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Understanding the Violence in Israel



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One hopes that the Obama administration is connecting the dots in response to the sudden escalation of violence against Israel. Big Iranian weapons shipments seized off the coast of Gaza; an Israeli family of five slaughtered in their beds; a barrage of more than 90 rockets fired at Israeli population centers over the past few days. And yesterday’s horrific terrorist attack at a bus station in Jerusalem. These are not isolated events. Nor are they outbursts of random violence by otherwise peace-loving Palestinians driven to despair by a stalemated peace process. 

On the contrary, these outrages are better understood as part of a strategic campaign by hardened terrorist groups, closely tied to Iran, Syria, and Hezbollah, to divert attention from the popular uprisings that have targeted tyrannical governments across the Middle East. While feigning confidence in the face of Jasmine revolutions that have toppled pro-American autocrats, Iran’s mullahs know full well that the bell tolls for them, as the contagion of popular uprising now at work across Muslim lands threatens to reignite the Green Movement that in 2009 shook the Islamic Republic to its core. 

Thousands of young people in Gaza and the West Bank have already taken to the streets in focused anger at the dueling despotisms of Hamas and the Palestinian Authority. In Lebanon, the recently deposed prime minister, Saad Hariri, has rallied hundreds of thousands calling for Hezbollah’s disarmament. And most recently, of course, the tremors of the earthquake that is the Arab Spring have erupted in Syria, where the residents of a heretofore unknown border town named Daraa, are courageously calling their countrymen to challenge the Assad dynasty and bring an end to Syria’s long Baathist nightmare.

Add to all this a U.S.-led military intervention on behalf of a Libyan revolt that threatens to topple Moammar Qaddafi, one of the charter members of the Middle East’s league of terrorist-sponsoring totalitarians, and you’ve got an awfully compelling reason for Iran, Syria, and their allies to want to change the subject as fast as possible. The easiest way to do that, of course, has always been to trigger a major dustup with Israel, preferably one that leaves in its wake as many innocent Palestinian or Lebanese corpses as possible. It’s the oldest ruse in the playbook, a murderous attempt to draw the moths of the international media back to the light of Palestinian suffering, and redirect the anger of mobilized Muslim masses away from their current laser-like focus on the brutal and ruinous regimes that rule over them.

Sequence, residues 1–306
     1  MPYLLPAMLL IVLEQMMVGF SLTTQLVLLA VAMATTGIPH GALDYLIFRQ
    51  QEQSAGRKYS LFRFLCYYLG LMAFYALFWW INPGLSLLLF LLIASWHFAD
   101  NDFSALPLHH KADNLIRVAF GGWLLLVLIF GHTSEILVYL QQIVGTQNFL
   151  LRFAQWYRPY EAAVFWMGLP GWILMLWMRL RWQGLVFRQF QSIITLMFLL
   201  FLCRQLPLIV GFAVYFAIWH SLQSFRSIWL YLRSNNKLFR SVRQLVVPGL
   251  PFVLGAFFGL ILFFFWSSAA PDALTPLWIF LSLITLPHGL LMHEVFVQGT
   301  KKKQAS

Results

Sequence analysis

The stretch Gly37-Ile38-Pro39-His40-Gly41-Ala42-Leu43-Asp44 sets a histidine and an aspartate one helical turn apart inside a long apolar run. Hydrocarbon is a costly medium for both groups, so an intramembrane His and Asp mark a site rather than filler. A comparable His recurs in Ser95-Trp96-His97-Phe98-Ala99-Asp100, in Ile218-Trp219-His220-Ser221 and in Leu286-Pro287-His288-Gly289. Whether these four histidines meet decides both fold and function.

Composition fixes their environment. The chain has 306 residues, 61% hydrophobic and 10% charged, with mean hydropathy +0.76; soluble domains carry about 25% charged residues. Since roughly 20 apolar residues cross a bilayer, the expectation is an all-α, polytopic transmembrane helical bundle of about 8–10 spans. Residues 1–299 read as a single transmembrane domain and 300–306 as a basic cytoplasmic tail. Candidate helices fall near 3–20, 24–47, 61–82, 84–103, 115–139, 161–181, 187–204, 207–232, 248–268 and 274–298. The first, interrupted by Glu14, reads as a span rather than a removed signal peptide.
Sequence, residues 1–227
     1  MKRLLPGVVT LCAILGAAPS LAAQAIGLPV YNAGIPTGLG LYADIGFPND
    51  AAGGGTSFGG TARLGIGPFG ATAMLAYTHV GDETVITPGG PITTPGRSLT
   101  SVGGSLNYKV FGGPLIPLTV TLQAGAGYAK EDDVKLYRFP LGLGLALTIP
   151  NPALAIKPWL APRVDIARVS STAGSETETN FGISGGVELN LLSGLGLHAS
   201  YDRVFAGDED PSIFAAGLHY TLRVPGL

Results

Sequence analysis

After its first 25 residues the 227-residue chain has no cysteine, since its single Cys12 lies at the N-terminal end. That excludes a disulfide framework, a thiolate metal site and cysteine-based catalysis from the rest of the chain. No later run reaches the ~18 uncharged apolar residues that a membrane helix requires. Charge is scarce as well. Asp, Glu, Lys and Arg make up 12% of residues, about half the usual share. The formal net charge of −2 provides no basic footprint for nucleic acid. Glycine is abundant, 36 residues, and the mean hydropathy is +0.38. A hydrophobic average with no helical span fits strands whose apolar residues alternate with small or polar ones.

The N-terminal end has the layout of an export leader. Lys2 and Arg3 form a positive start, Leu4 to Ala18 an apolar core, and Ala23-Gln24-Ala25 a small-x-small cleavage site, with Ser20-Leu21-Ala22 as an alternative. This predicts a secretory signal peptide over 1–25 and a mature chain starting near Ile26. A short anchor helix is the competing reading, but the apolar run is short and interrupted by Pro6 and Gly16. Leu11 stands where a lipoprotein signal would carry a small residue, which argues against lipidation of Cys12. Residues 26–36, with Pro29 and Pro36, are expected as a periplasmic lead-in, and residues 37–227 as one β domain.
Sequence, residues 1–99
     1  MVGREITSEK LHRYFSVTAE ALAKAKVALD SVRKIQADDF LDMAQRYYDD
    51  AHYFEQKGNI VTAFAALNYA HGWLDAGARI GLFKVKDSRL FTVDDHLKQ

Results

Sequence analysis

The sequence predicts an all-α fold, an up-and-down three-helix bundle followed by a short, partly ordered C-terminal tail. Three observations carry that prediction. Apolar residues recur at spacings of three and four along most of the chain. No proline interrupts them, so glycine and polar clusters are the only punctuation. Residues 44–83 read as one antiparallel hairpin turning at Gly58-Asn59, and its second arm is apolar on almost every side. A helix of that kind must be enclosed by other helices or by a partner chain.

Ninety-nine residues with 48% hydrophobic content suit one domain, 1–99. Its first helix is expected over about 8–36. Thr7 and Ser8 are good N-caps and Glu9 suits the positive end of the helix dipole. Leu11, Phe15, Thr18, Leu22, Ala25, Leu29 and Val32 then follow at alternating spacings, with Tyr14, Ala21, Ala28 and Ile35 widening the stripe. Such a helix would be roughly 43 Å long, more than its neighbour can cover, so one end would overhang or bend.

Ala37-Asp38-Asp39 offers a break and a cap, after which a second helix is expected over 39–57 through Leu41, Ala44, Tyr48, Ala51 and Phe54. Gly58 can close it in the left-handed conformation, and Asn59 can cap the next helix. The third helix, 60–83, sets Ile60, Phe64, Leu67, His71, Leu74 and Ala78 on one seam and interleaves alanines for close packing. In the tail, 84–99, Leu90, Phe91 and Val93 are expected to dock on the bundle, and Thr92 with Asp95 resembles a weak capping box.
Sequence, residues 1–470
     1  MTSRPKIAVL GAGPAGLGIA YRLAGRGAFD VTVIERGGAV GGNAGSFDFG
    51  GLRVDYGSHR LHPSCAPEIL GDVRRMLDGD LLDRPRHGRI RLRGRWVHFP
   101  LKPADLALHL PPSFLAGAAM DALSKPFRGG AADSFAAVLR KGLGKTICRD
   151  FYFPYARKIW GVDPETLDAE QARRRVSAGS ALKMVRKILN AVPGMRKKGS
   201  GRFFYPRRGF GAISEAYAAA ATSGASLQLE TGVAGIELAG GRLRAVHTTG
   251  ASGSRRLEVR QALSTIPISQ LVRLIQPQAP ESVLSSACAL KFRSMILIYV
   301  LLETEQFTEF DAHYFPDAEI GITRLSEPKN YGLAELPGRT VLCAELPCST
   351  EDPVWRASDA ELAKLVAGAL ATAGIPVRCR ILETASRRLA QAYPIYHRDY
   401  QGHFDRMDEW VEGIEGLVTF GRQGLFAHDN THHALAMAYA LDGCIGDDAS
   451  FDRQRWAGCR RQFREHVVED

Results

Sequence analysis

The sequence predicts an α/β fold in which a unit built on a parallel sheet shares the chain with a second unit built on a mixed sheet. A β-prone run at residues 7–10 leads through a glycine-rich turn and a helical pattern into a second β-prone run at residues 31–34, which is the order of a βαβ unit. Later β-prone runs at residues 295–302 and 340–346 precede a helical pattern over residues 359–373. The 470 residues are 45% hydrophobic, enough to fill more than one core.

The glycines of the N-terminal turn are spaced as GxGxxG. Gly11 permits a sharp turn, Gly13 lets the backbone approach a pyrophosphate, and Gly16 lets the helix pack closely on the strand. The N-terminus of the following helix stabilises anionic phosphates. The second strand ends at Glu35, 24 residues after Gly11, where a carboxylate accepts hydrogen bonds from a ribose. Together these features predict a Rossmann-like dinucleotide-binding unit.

One fervently hopes that this transparently cynical gambit will fail. As many others have remarked, for all their individual differences, the dozen or so mass movements that have emerged across the Middle East over the past three months have all been distinguished by the near total absence of anti-American or anti-Zionist sentiment. Even in the Palestinian territories, the issue has been less Palestine and more the pathological inadequacies of their own governing structures that make normal civic life largely unbearable. 

But relying on the political maturity and sophistication of angry young Arab protesters will likely not be enough. American leadership and a strong U.S.-Israeli alliance are also essential. The Obama administration should, of course, be loudly condemning the Palestinian attacks. But it should also be working tirelessly to condition world public opinion and the international media to the pattern, context, and aims of this terrorist campaign, especially as it relates to the sabotaging of the Arab Spring. The Syrian regime, in particular, should be put on notice privately that we’re wise to its efforts to use Palestinian surrogates to create a diversion, at the same time that we turn up the heat publicly on the atrocities being committed by Assad’s forces in Daraa. Such a public diplomacy campaign will also help establish the legitimacy and necessity of Israel’s inevitable effort to defend itself, preserve its deterrent, and degrade Palestinian terrorist capabilities.

For its part, Israeli retaliation should, to the extent possible, avoid playing into the extremists’ hands. Israeli strikes should aim to do as much damage as possible against terrorist targets, inflicting maximum pain with minimal civilian casualties in as brief a time as possible. Yes, I know, much easier said than done at a time when tens of thousands of Israel’s people are being targeted by rockets on a daily basis. That said, while it may eventually become unavoidable, it’s hard to see at this point how Israel’s interests would be best served by another long, drawn-out ground conflict in Gaza, especially given the larger strategic transformation at work across the broader region — which, there is no doubt, now has the biggest enemies of Israel and America across the Middle East scared. Very scared. The Obama administration should be doing everything in its power to keep it that way.      

— John Hannah is a former national-security adviser to Vice President Dick Cheney.



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